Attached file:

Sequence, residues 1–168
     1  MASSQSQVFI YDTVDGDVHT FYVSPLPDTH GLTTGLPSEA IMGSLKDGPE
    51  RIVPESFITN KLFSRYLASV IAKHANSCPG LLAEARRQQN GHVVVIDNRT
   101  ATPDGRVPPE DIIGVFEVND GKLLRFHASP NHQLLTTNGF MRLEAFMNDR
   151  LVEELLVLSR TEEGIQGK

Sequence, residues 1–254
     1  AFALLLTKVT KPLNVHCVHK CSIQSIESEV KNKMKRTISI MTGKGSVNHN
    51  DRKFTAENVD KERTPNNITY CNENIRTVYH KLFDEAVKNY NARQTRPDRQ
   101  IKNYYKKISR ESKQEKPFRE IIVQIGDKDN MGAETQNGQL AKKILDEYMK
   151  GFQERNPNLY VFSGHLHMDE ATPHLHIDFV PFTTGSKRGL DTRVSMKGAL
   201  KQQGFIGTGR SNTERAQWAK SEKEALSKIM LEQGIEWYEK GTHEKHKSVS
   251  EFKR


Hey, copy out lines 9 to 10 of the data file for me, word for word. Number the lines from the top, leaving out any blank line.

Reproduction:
   101  IKNYYKKISR ESKQEKPFRE IIVQIGDKDN MGAETQNGQL AKKILDEYMK
   151  GFQERNPNLY VFSGHLHMDE ATPHLHIDFV PFTTGSKRGL DTRVSMKGAL